Kids, Am I Right?!

Being a dad, am I right?!

Holy shit, it is hard. Really hard. ‘Mostly thankless for the first 20 years (I assume) and requires every part of us. I never really understood what parents meant when they said things like “just wait, it gets harder” or “you think 2 is hard, wait until 3” until we reached 3-years-old. And yet, amidst all of the hardships and trials and seemingly never-ending questions, being a father is one of the most refining aspects of my life.

A few nights ago, being a dad seemed especially hard. Our 3-year-old boy is currently in the “no matter what you say, I want to argue and tell you the opposite even if I don’t actually have any clue what I am talking about” stage. You know the one. So when 7:00 pm rolls around and he is done eating and needs to take his bath but doesn’t want to get in… and then needs to put on his pajamas… but doesn’t want to wear “those” pj’s… he wants the Snoopy ones... You get the gist. We were experiencing “one of those nights”. I could chalk it up to being tired, working hard, cooking dinner or any number of other things that would make me feel better about acting like an ass - but the truth was I was just acting like an ass. I was impatient, short with my words, didn’t consider how he was feeling and for that matter – that my son even had feelings. I was not being a dad. I was just wanting to be the boss.

Once he finally got in bed and we read our stories and did all of our nightly rituals (hugs, tickles, prayer and so on) I walked out and closed his door. It seemed as if in one single moment a ton of bricks was tied to my feet and I couldn't move. I couldn't walk, I couldn't talk, and I couldn't think about anything other than the last 2 hours.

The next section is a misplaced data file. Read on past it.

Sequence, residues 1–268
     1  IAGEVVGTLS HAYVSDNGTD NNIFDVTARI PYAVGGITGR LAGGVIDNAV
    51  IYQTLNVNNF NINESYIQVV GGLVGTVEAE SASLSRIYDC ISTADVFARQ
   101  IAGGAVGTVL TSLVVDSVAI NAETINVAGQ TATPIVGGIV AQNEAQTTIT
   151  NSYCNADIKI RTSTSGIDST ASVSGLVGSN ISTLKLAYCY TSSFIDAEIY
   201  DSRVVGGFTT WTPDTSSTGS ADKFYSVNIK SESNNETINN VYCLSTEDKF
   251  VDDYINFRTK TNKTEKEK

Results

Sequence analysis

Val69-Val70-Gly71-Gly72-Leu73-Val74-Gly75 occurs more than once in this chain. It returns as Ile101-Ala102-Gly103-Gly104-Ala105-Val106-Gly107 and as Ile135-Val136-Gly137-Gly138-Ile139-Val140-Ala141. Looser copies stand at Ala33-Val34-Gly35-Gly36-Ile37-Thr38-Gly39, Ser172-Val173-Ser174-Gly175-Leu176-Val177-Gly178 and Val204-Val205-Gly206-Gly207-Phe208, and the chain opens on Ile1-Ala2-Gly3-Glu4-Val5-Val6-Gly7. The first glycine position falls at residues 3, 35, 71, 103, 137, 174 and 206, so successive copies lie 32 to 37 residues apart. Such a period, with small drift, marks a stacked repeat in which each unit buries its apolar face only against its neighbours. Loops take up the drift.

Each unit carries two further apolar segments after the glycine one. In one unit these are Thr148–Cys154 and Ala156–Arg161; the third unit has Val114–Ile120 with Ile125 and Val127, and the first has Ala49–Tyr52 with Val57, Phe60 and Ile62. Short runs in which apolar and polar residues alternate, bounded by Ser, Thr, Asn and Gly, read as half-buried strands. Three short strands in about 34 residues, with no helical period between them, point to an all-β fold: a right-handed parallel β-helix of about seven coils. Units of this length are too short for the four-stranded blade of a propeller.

Was he really not doing what I asked him to do or was he just not doing it "my way"? Was there really a reason for conflict or was I creating conflict because I had no empathy for how he felt and wanted to treat him like a child and not like a human? I knew the answers to my questions but in that instant - didn't know what to do. I mean, he was in bed. He is only 3-years-old… does my son really know the difference? We went to bed laughing and giggling so… that means he is ok, right? He knows I love him. He is fine.

Wrong. I was wrong. No matter how I tried to distract myself or what I did - all I could think about was that I was wrong. I was impatient. I was short with him. I was creating conflict simply out of my own preference, not out of necessity. I had hurt my son and I needed to do something about it. So I went back to my son's room. I sat on the edge of his bed as he looked up at me and said "Dad, what you doing?”. I looked at him with tears welling up in my eyes and said, "Son, I am sorry - earlier tonight, when dad was short with you and when dad was impatient with you and when dad raised his voice at you, dad should not have done that." Now the tears were flowing and he looked concerned. 

"I love you son and I am sorry. I do not want to talk to you like that or treat you that way. I was wrong and I am asking you to forgive me. Do you forgive dad?"

What felt like a full 30 seconds of waiting was – in reality – closer to 4 seconds. He looked up at me and said "yes dad, it's ok, we all make mistakes. Can you get me some water?"

Well - that wasn't exactly the ending I was hoping for, but that was exactly what I needed. Apologizing to my son wasn't about his reaction, apologizing was about the practice I need as a father to admit when I am wrong - to ask my son for forgiveness and regardless of his reaction, know that saying “sorry” is synonymous with saying “I love you”.

I am sure there will be many more bed-side apologies to my son and I will do my best to continue to make sure he knows that I love him just as God loves us both.

Rocky GarzaComment